Graca Machel, wife of the late South African president, Nelson Mandela will be one of the main speakers at the First Edition of the Africa Diaspora Homecoming Conference.
The conference is being organized by The Heritage and Cultural Society of Africa (HACSA) under the patronage of the United Nations Education Scientific and Cultural Organisation (UNESCO).
The conference will be held from March 5th-11th 2017.
Other speakers at the conference include; Lord Boateng, Portia Simpson-Miller, James Barnor, David Adjaye and Fred Svanikier among many more.
The Conference, according to President of HACSA, Ambassador Johanna Odonkor Svanikier, is “a charitable initiative and residual sponsorship will contribute to a trust fund which will be created to support its work to preserve African Heritage and Culture, particularly the protection and preservation of sites associated with the transatlantic slave trade.”
The conference is hinged on six themes – History and Memory for Reflection and Dialogue, Heritage and Culture of Peoples of African Origin, and Diaspora Trade and Investment in Africa.
The rest are; James Barnor Photo Exhibition, Innovation and Technology by the African Diaspora and African Literature, Culture and the Creative Arts.
There will also be a gala dinner, fashion show and concert on the evening of the 8th of March celebrating the talent of internationally-acclaimed performers from home and the Diaspora.
What you need to know about the conference
The 6th of March 1957, marked an important milestone for Ghana and the African Diaspora.
On this date Ghana became the first country in sub-Saharan Africa to gain its independence from colonialism.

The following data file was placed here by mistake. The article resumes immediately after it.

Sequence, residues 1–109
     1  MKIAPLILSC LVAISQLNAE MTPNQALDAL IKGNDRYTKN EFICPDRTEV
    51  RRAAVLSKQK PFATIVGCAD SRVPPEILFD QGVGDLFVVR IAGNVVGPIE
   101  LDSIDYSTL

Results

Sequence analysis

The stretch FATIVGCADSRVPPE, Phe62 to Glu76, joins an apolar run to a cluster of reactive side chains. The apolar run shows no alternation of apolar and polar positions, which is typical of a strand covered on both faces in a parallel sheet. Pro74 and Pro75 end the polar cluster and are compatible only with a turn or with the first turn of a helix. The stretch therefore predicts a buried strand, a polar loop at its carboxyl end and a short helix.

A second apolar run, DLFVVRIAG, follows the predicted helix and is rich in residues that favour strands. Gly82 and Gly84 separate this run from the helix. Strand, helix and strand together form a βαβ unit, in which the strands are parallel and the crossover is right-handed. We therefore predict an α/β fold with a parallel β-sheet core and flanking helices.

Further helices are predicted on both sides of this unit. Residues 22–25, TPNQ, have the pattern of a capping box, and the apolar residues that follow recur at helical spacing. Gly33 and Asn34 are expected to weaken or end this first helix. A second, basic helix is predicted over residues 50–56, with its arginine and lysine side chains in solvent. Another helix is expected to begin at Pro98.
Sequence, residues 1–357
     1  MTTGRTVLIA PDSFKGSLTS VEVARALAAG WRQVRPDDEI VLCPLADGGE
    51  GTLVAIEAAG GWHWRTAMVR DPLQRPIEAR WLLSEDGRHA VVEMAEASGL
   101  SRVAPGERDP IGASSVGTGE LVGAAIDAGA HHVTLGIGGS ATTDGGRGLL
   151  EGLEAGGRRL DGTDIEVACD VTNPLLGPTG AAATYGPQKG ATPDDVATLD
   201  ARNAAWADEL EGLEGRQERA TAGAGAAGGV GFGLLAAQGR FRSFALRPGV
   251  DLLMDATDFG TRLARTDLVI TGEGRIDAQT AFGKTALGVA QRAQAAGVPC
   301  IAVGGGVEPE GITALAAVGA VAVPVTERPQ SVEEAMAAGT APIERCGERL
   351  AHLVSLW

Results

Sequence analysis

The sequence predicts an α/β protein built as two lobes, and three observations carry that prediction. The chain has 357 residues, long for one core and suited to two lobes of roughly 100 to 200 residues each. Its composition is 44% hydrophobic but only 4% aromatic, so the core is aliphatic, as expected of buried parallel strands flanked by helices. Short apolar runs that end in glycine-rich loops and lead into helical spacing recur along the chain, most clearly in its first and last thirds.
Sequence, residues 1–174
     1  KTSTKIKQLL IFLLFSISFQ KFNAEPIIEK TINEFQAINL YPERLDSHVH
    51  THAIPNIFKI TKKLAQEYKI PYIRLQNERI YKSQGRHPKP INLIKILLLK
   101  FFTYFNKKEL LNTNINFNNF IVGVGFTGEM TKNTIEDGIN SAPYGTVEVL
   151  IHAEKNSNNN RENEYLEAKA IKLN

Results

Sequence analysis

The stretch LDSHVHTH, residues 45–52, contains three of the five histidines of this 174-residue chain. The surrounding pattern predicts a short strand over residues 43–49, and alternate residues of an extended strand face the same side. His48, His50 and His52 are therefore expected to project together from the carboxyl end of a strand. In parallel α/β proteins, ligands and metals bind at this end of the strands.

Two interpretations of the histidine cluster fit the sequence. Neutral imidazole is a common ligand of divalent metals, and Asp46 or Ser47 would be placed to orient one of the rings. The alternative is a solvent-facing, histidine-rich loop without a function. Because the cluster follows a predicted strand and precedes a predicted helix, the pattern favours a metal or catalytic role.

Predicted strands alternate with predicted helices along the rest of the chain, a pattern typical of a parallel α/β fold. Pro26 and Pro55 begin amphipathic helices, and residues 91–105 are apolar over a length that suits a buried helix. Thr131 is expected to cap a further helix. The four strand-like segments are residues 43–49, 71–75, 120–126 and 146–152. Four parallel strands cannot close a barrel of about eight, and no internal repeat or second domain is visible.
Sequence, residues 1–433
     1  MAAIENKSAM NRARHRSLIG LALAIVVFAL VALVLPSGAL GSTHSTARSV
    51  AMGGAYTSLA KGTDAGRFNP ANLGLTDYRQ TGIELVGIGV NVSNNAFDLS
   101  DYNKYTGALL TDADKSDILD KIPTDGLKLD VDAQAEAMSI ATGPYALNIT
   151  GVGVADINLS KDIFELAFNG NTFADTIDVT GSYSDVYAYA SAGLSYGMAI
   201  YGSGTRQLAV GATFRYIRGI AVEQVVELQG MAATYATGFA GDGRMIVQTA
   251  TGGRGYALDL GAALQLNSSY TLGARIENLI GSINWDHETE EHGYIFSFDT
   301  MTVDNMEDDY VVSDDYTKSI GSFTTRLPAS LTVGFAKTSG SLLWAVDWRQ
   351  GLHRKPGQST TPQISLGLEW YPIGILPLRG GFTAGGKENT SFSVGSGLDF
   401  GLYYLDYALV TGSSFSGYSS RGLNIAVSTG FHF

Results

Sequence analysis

This landmark conference seeks to evoke the spirit and memory of 1957 – a time when Ghana’s independence, was a source of pride for people of African descent and an inspiration for African liberation and civil rights movements in the African diaspora and beyond.
Osagyefo Dr. Kwame Nkrumah, Ghana’s founding President lived and studied in the USA and the UK where he became part of a group of activists who advanced the cause of pan-Africanism and kinship amongst all peoples of African descent.
As a result of his passion to unite the African diaspora, historical ties of kinship and the physical evidence of the dark history of the ‘Trans-Atlantic Slave Trade’ along its coast, Ghana was and still remains a pilgrimage destination (and for some home) for people of African descent from the diaspora.
Those who have come include amongst many others, W.E.B. DuBois, Martin Luther King, George Padmore, Malcolm X, Maya Angelou, Franz Fanon, Nina Simone, Muhammed Ali, Rita Marley and more recently, Barack and Michelle Obama.
Envisioned within the spirit of the “UN Decade of People of African Descent” and the framework of UNESCO’s History and Memory for Dialogue Section, the conference will commemorate and celebrate the legacy of Nkrumah, reflect on the country’s achievements in the period since independence, celebrate excellence found at home and abroad, and seek to forge a vision for the progress of peoples of African descent.
It will unite panelists from diverse backgrounds with a diverse group of international participants and provide a forum for building networks and opportunities for trade, commerce and investment on the continent.
The conference and its associated activities will be held in Accra from the 5th to the 11th of March.
Any surplus from sponsorship raised will contribute to a Trust Fund which will be created by HACSA to assist in the preservation and maintenance of heritage sites associated with the Trans-Atlantic Slave Trade.
The mission of HACSA is to advocate for, promote and preserve African heritage and culture now and for the generations to come.